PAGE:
Simple Hand Painted Fabric

Slow stitching is one of my favorite forms of creativity. It’s easy to get started with just a few basic materials, it’s a relaxing meditative process, you can do it just about anywhere and there are no rules. The beauty is often in the imperfections, rough edges, and old or worn fabrics and today I’m going to share a simple method you can use to create your own unique hand painted fabrics to use in your projects to help you achieve that effect.

simple fabric painting technique


  • acrylic paint in colors of your choice
  • textile medium (optional, will result in softer fabric)
  • spray bottle(s)
  • paint brush
  • brayer
  • protected work surface (I use inexpensive, re-usable vinyl from JoAnn’s)
  • fabric

A note about paint: acrylics and textile medium can be found in a range of prices and quality. I’m happy with the results using the Americana or Folk Art brand paints from craft stores. There’s an enormous selection of colors and the price can’t be beat. Textile Medium can be found with the craft paints or in the fine art section and both work well, but I tend to favor the Golden Fabric Painting Medium for my original artwork.

A note about fabric: I aim to re-purpose material whenever possible and collect most of my stash from thrift shops, flea markets and swap meets. However, I do purchase yardage of scrim, gauze, unbleached 100% cotton muslin and linen from fabric stores as they provide a nice range of weight and texture for projects. I generally create lots of small pieces, but consider the size of your work surface and how large your sewing project will be when selecting your fabrics. When cutting fabrics down to smaller sizes, I clip and tear when possible because I love the resulting edge.

Let’s get started!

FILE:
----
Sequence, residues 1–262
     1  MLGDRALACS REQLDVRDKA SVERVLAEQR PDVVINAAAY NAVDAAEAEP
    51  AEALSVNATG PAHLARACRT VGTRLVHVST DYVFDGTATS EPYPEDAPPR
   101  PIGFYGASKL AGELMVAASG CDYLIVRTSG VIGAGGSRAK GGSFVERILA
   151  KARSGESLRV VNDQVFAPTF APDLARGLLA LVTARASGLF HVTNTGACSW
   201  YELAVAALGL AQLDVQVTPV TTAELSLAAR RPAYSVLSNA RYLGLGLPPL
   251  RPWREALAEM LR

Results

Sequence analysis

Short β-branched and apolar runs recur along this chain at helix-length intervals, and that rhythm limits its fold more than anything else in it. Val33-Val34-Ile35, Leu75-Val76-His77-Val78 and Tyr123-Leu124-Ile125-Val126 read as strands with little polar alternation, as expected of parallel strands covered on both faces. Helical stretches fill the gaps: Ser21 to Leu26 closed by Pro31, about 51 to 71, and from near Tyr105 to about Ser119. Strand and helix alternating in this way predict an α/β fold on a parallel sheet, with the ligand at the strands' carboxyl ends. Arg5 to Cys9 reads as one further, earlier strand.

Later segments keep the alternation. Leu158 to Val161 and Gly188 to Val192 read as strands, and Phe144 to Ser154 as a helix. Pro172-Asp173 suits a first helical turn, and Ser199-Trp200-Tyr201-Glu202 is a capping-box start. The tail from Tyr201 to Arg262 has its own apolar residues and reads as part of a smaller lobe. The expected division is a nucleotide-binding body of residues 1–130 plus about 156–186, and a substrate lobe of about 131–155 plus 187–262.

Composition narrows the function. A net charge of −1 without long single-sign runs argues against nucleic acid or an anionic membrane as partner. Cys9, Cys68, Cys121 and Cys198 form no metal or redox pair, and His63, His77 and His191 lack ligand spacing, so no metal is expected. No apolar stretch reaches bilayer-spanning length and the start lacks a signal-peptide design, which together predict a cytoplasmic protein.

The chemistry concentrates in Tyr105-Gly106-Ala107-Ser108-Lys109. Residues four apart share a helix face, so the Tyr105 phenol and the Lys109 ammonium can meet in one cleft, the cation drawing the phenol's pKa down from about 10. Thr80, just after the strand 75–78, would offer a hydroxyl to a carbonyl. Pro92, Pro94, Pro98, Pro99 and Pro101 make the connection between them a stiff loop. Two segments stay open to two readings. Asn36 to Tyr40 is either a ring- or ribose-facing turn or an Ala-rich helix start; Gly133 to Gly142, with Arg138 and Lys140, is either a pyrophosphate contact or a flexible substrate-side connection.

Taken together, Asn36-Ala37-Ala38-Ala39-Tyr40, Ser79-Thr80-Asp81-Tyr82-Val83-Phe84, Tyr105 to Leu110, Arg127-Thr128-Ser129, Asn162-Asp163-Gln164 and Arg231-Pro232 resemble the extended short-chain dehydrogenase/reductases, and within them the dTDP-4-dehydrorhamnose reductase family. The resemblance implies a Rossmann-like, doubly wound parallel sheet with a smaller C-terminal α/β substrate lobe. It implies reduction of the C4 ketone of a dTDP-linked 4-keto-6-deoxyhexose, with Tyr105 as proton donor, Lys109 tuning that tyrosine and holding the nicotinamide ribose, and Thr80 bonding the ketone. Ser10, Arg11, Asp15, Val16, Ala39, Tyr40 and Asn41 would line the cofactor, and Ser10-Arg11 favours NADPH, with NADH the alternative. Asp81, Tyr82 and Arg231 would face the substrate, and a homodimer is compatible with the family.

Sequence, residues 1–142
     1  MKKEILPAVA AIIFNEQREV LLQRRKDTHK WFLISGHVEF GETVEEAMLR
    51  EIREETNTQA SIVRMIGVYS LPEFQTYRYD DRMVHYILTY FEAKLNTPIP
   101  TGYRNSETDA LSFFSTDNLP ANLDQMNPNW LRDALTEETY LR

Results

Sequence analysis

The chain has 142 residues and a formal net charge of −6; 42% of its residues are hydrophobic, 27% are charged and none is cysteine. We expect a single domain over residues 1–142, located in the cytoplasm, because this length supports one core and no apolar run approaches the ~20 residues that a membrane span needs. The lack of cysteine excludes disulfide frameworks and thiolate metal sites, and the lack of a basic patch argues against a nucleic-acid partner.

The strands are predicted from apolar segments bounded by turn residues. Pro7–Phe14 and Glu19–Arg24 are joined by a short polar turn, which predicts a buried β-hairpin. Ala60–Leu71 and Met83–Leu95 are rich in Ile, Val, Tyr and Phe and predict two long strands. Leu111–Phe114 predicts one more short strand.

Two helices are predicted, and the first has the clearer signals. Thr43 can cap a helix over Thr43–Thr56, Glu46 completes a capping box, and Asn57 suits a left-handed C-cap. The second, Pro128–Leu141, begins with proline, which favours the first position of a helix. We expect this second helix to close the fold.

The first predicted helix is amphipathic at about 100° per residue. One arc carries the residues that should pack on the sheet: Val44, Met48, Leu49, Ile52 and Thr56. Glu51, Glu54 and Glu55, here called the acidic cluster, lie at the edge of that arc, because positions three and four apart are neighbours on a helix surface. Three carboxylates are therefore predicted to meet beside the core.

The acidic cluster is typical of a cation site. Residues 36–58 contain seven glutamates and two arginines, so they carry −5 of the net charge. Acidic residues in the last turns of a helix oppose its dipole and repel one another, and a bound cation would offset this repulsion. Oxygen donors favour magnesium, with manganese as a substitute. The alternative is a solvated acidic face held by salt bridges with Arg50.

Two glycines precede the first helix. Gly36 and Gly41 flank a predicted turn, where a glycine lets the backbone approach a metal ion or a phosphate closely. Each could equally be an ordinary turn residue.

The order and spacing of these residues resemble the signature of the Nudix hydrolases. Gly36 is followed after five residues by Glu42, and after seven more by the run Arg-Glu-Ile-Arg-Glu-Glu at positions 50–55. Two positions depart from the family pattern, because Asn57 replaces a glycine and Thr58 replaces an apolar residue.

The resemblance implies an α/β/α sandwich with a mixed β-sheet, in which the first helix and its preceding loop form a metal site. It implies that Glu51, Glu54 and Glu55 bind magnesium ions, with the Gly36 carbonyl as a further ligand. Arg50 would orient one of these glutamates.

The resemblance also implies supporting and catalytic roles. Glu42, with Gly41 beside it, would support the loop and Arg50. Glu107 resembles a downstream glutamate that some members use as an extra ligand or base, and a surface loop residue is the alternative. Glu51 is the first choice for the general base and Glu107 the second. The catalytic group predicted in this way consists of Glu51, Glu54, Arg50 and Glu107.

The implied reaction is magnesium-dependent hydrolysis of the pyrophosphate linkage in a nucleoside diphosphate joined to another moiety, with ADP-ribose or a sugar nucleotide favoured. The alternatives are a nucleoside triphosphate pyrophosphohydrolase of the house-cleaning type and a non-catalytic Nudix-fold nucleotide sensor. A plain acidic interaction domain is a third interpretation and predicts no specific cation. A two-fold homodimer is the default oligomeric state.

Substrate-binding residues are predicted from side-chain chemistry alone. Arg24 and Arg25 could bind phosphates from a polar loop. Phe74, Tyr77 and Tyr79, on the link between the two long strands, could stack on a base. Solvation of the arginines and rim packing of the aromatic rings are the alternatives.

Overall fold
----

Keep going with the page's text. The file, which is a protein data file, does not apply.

simple fabric painting supplies


1) Pre-mix your desired paint colors with the fabric medium. 

2) Lay a piece of scrim or thin fabric on your protected work surface and spray with water until soaked. If you’re using a thicker fabric, save time by wetting it in the sink and wringing out some of the excess.

simple fabric painting technique

3) Begin adding paint to your surface, allowing the paint to saturate some areas more than others to create a varied surface. Continue to spray areas with water to help spread the paint across the fabric to your desired effect.

simple fabric painting technique
simple fabric painting tutorial
simple fabric painting technique

4) Once the first piece is saturated with paint and water, lay another piece of fabric right on top and run the brayer over it to soak up the excess. In this example, I laid silk over scrim which will result in a nice print of the texture onto the silk. This also works great using lace as a base.

simple fabric painting technique
simple fabric painting technique

5) Once the plastic work surface is wet and saturated with excess paint, continue experimenting with the addition of different colors. Here I dropped some yellow on top of the blue and used a brush to spread it around. Use the spray bottle to add more water as needed.

simple fabric painting technique
simple fabric painting technique

Here you can see the result of laying dry muslin on top and pressing with a brayer to soak up the color from the work surface. 

simple fabric painting technique

Continue experimenting:

  • Rotate between heavily saturating a piece of fabric and then “cleaning” the surface with a new piece of fabric and the brayer.
  • Lay both wet and dry fabric on the painted work surface for different results.
  • Paint lace to transfer the pretty textures onto other flat fabrics with the brayer.
  • Add white or black paint to your base color to create a group of fabrics in a range of shades.
  • Mix as many colors on one piece as you like, see how they bleed together with the addition of more water.
  • If you have extra spray bottles, mix a little paint with water and spray color directly onto your fabric or onto your work surface.
  • Consider painting trims, lace or fabric doiles while you’re at it so you have coordinating bits in your stash to incorporate into your projects.

6) Finally, when you’re done painting all of your fabrics, lay them out in the sun to dry or break out the hairdryer if you have one and speed up the drying process! If you used textile medium, you can wash and dry your fabrics before use, but I usually just opt for good ironing before stitching.

Now get to stitching with your beautiful new stash of hand painted fabrics…and if you need an idea, here’s a little project I created with mine!

*This post was originally published in 2019 and since it was so popular, it’s been re-published here on my new blog*